By Brian J. Miller Robert E. Moffit
Health Affairs Blog, August 20, 2020
The renewed national health care debate represents a conflict of visions of how to create better value: government central planning versus patient-centered, consumer-driven competition.
Market-driven approaches based upon defined-contribution financing (premium support), the states as insurance laboratories, and addressing the employer-sponsored insurance (ESI) tax exclusion would all serve to increase competition and engender insurance affordability and portability.
Previous legislative attempts at solving cost and access challenges in health policy have viewed health insurance and care delivery markets through a national lens, focusing on standardizing benefits and care delivery. As any patient or clinician will volunteer, health care markets are intensely local, and policy solutions must navigate the complex interplay of local, state, and federal stakeholders.
Recent progressive health policy efforts remain firmly anchored in a political philosophy that champions national regulation and central control, sitting in direct conflict with consumers who strive for mass-customized health care. Currently, consumers and clinicians are persistently frustrated, as both strive for choice, flexibility, and modernity in an otherwise dysfunctional system. In selecting health benefits, consumers face an impossible task: to predict their trajectory as patients, a challenge when the healthy office worker one day can become a terminal cancer patient the next. In this setting, a single benefits package is at its core unfair—a person’s needs change over time, and they should be able to change and customize their coverage as they progress through different stages of life.
By Don McCanne, M.D.
Universal publicly-administered and publicly-financed health care programs work well for everyone. In contrast, the most expensive health care system of all – ours – uses a fragmented system of administering and financing that includes choice and competition of private insurers, and that has been a disaster, leaving tens of millions with inadequate coverage or no coverage at all.
It is difficult to understand the obsession with injecting consumer-driven choice and competition into the mix when the private plans and the burden they place on the health care delivery system have defeated the goals of universality, equity, efficiency, affordability, accessibility, and social solidarity. Yet here we have another article advocating for this market-driven approach.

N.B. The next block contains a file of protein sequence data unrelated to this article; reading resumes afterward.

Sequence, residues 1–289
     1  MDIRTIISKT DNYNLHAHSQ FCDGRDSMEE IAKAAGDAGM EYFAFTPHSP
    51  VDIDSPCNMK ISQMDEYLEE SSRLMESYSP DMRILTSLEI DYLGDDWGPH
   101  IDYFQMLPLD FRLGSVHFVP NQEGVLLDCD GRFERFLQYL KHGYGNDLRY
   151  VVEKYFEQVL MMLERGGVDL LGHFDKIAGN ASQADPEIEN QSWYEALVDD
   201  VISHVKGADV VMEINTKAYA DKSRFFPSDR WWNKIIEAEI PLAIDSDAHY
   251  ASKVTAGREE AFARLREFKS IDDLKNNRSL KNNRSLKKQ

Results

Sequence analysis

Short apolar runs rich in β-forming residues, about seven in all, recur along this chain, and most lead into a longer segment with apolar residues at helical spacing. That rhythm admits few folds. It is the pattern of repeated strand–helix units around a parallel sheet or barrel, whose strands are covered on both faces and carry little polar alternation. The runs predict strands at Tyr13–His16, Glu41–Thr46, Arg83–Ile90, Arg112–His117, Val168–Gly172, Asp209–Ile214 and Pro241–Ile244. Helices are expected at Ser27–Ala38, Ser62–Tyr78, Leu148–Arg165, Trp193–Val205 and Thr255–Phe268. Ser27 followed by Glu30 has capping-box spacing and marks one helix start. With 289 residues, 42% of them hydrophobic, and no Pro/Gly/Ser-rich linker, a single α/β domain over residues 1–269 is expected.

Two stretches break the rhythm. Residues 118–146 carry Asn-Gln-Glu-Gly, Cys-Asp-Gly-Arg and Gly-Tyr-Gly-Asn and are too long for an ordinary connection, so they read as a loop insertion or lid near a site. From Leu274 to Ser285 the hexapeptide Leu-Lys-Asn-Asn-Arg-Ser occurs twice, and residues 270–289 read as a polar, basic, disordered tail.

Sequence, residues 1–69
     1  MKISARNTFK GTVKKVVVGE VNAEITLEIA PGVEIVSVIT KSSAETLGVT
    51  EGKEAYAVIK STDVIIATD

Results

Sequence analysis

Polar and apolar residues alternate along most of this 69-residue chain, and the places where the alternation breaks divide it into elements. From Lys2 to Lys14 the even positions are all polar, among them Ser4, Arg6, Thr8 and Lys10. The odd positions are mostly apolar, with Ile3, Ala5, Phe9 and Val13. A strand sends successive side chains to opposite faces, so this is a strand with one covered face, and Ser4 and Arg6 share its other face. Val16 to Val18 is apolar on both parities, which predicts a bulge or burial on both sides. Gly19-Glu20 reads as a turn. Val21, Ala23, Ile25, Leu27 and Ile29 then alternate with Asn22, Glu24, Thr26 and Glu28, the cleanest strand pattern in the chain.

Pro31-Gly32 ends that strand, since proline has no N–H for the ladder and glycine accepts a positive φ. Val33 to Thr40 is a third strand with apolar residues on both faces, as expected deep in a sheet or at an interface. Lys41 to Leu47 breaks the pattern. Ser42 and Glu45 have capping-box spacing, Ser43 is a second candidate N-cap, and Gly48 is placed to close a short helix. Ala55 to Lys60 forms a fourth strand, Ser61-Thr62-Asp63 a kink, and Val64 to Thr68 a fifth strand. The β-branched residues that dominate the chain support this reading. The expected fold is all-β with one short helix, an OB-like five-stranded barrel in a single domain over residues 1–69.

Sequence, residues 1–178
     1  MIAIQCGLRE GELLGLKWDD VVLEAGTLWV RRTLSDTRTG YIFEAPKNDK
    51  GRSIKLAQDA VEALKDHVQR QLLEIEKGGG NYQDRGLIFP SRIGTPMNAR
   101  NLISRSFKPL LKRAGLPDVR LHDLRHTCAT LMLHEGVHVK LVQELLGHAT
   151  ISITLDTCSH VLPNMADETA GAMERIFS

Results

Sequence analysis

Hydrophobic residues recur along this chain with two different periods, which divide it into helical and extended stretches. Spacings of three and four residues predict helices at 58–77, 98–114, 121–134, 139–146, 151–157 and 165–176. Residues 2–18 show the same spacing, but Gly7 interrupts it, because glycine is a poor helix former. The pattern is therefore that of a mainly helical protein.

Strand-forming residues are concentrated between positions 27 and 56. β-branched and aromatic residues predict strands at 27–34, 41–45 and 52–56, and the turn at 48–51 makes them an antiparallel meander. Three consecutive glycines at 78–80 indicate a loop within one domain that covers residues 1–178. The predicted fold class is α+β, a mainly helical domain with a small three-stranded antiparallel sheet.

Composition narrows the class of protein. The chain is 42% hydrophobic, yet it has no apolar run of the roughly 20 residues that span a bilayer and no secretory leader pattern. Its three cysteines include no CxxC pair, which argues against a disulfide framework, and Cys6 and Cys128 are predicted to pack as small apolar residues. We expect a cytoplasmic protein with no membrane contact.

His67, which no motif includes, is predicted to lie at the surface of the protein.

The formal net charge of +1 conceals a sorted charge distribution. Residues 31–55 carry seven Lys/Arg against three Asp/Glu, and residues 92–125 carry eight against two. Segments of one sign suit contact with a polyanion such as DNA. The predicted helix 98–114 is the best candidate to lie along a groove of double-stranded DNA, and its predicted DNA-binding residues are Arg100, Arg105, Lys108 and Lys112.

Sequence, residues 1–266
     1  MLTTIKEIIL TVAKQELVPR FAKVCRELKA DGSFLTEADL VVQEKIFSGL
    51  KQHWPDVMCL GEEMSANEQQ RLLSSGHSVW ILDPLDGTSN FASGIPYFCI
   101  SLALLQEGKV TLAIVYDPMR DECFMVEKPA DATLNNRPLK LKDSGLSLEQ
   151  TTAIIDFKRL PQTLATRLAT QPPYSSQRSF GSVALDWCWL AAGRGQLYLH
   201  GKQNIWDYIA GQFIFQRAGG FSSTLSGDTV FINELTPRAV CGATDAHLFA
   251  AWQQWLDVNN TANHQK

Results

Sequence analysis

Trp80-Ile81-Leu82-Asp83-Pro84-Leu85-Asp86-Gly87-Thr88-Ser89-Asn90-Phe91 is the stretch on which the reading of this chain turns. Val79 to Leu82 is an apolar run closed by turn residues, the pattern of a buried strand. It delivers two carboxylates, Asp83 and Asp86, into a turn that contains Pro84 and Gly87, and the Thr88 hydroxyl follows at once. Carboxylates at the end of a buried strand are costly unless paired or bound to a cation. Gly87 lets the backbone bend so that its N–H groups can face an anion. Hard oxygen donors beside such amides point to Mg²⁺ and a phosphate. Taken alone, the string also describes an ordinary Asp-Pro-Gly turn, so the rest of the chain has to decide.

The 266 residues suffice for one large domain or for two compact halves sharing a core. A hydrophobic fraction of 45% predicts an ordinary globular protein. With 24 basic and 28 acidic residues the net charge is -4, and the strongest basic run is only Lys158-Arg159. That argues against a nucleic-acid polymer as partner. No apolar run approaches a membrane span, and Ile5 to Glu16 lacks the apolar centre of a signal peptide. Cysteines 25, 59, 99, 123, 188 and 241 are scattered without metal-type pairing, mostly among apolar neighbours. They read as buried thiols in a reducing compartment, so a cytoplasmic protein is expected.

Although this two-part article repeats many of the usual conservative talking points, the excerpt above reveals a fundamental flaw in their premises that alone shoots down their model of reform. They seem to understand that it is not the choices in health care itself that makes the market work but rather it is the choices in private insurance products that they seem to believe makes the health care market effective. They claim that a single benefits package that applies to everyone is unfair because “a person’s needs change over time, and they should be able to change and customize their coverage” to fit their needs. So they provide the example of “the healthy office worker one day can become a terminal cancer patient the next,” though they concede that consumers face an impossible task in predicting their trajectory as patients. Even if you knew you had a specific cancer, you could not purchase coverage for that cancer alone because the insurers must pool risk, and if such a product even existed, it would have to be sold to people without that cancer. Otherwise that insurance product would have to include the full costs of the care for that malignancy plus the administrative costs and profits of the insurer. Retail plus maybe twenty percent is not a bargain that would find a niche in the marketplace. Selecting in the market only the insurance you need is impossible.
We really don’t need these analyses anyway. Not only do we have the most expensive system of all nations, though we leave tens of millions out in the cold, private insurance is the most expensive component of health care financing when adjusted for the health of those covered. Of course, that’s how insurance markets work, selectively sell to the healthy while shoving the sick into government programs or simply into the street. That is why all that money we are already spending on health care plus insurance administrative costs is still leaving so many facing financial hardship or, even worse, leaving them with physical suffering or death due to lack of health care.
Throw out the private insurers, recover the wasted funds, establish a single universal risk pool, and then take care of all of us through our own public, single payer model of Medicare for All. Simple.
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